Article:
An automaker must first adopt Android Automotive, and then sign a separate contract with Google to implement these applications. Another benefit of this approach is the official endorsement, technical and customer support from Google.

If a car is advertised as having ‘Google built-in’, it’s likely that the car is using Android Cars with Google Automotive’s leading services.

Like Android smartphones, another factor to keep in mind is that Android Automotive (with or without GAS) allows automakers the freedom to apply their own flavors to the cakes they bake, as their own user interface.

This means that – in the same way that a Samsung smartphone looks different from a Google Pixel, even though both run Android – Android Automotive on Renault will have a different look and feel than running on a RAM truck or Volvo.

This gives designers the ability to imbue Android Automotive with the specific design themes of the particular automaker they work with.

How does Android Auto compare? Android Auto can best be considered a separate dish for the AOSP and Android Automotive described above.

Instead of being built into the car, it requires an active and functioning Android smartphone to project a driver-friendly user interface that includes certain apps and services that can be installed on the user’s phone on the car’s main infotainment screen.

To make matters more confusing, this technically means that vehicles running Android Automotive can also support Android Auto.

However, if the car’s version of Android Automotive also includes GAS, doing so would be redundant since many of the apps that Android Auto can mirror, such as Google Maps, are already in the car.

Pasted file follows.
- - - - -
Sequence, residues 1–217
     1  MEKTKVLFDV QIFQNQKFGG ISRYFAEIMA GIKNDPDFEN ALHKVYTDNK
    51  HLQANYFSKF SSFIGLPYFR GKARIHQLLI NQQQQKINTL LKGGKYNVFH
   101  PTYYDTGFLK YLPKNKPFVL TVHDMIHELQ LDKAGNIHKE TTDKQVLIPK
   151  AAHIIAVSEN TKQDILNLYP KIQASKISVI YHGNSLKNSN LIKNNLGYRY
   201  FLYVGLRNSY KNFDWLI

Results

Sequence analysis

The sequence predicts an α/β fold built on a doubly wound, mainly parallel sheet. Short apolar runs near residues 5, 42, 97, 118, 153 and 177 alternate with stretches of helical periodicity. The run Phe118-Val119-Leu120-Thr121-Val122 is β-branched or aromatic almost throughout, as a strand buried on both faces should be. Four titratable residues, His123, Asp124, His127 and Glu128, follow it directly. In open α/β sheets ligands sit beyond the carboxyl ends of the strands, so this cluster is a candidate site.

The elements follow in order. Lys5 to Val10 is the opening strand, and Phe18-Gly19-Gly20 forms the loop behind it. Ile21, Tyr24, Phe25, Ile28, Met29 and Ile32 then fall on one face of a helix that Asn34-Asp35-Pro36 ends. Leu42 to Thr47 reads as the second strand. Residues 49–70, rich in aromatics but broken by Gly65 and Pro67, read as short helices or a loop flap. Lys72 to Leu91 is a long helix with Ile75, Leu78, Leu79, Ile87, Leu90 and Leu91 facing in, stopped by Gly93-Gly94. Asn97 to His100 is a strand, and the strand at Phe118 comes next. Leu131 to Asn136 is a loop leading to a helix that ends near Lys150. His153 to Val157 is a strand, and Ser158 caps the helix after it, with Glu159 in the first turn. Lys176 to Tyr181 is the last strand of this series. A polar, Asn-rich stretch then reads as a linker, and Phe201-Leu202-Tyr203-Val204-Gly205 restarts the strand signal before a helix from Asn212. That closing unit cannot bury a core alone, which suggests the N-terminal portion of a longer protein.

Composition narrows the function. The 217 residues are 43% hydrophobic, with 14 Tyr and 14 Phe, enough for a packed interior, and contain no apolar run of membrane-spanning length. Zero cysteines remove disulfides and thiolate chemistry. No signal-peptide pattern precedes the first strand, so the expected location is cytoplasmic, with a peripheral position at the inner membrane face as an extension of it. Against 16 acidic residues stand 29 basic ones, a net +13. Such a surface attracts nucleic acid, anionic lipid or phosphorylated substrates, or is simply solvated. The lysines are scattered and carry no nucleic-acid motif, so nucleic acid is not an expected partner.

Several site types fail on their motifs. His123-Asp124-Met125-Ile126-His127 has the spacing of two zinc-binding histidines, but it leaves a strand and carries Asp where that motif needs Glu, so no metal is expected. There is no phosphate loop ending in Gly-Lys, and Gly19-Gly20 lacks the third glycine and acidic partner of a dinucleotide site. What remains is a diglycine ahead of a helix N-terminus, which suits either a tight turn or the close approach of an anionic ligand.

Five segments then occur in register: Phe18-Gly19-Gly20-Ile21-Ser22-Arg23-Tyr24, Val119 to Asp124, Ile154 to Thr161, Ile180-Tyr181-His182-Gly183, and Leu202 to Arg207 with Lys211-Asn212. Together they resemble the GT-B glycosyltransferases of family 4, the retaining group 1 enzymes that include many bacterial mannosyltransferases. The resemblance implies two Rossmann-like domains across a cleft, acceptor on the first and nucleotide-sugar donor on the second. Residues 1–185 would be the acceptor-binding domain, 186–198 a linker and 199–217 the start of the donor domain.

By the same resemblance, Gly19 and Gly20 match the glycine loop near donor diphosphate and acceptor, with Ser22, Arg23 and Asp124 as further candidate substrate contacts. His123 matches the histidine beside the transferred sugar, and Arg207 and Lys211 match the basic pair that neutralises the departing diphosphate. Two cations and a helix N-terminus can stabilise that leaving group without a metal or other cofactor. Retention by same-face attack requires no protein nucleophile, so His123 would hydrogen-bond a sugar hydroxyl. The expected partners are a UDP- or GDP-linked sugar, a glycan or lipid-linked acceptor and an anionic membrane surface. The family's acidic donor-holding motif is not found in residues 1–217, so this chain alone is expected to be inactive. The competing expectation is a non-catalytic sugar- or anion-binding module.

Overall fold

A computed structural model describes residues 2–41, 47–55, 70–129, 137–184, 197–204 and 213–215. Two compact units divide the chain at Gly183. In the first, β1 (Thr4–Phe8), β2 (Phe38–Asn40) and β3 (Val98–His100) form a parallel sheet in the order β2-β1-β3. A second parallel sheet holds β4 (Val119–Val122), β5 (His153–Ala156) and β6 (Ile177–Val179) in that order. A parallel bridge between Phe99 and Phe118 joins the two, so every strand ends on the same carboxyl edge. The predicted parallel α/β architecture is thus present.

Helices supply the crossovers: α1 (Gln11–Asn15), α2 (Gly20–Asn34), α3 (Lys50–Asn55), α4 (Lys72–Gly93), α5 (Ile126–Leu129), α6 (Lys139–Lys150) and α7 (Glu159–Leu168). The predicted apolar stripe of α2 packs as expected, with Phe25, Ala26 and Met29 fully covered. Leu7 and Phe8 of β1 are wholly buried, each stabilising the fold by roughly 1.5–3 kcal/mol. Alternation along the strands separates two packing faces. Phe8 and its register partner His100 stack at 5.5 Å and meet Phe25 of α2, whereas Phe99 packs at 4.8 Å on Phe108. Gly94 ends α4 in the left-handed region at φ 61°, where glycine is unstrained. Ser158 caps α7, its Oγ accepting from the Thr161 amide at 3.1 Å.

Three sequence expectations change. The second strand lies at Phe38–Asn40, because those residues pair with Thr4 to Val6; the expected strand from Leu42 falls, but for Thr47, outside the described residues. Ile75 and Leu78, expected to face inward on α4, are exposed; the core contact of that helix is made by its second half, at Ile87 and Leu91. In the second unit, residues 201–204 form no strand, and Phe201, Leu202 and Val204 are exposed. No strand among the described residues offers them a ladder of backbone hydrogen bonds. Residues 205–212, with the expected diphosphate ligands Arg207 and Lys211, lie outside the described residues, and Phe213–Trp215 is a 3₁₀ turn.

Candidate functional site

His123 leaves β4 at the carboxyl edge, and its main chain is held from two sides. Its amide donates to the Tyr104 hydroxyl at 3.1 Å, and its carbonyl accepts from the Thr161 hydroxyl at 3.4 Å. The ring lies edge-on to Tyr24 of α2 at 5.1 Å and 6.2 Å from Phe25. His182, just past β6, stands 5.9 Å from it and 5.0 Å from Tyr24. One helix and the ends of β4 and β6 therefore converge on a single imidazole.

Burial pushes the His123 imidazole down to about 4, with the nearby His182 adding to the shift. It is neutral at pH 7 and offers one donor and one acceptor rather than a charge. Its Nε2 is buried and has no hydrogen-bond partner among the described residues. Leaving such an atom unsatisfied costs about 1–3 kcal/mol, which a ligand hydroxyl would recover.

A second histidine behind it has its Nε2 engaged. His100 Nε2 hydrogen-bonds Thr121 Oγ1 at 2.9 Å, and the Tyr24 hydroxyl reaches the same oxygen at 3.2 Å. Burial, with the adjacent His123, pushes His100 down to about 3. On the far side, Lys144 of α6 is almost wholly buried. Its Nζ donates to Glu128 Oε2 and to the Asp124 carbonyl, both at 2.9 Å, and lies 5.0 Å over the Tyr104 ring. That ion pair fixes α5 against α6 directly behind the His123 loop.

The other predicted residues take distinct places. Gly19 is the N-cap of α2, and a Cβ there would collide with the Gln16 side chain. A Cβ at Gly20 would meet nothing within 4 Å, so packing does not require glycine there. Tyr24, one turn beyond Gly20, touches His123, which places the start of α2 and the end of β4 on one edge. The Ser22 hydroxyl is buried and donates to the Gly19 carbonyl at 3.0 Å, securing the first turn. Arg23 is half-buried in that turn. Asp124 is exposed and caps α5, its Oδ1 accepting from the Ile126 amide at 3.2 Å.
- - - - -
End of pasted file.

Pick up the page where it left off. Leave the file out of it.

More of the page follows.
For more information on the difference between Android Car and Android Auto, please see previous article detail the difference between them.

Take a look at what’s currently on the market if you’re looking for a vehicle equipped with Android Automotive.

Vehicles available with Android Automotive and Google Automotive Services (GAS)

Volvo and Polestar are slowly evolving into separate brands, but they continue to have a close relationship in sharing parts and platforms within the broader Geely empire.

The Polestar 2 liftback sedan is the first widely available model in the Volvo and Polestar family to adopt Android Automotive with GAS and Polestar has already confirmed future models, such as the soon to be revealed Polestar 3 SUV, will continue to follow this approach as the basis for their infotainment system.

Android Automotive also allows Polestar 2 drivers to reduce the amount of time their eyes are diverted from the road by integrating Google Maps in the digital instrument cluster.

In Volvo’s stabilization system, the electric XC40 Recharge is the first model in the lineup to adopt Android Automotive with GAS. However, all MY23 models in the Volvo range, including the 90, 60 and 40 Series models now feature Android Automotive with GAS, replacing Volvo’s previous in-house Sensus Connect infotainment system.

Unlike the 11-inch central infotainment screen used in the Polestar 2, Volvo models continue to use a smaller 9.0-inch portrait infotainment screen to display Android Automotive.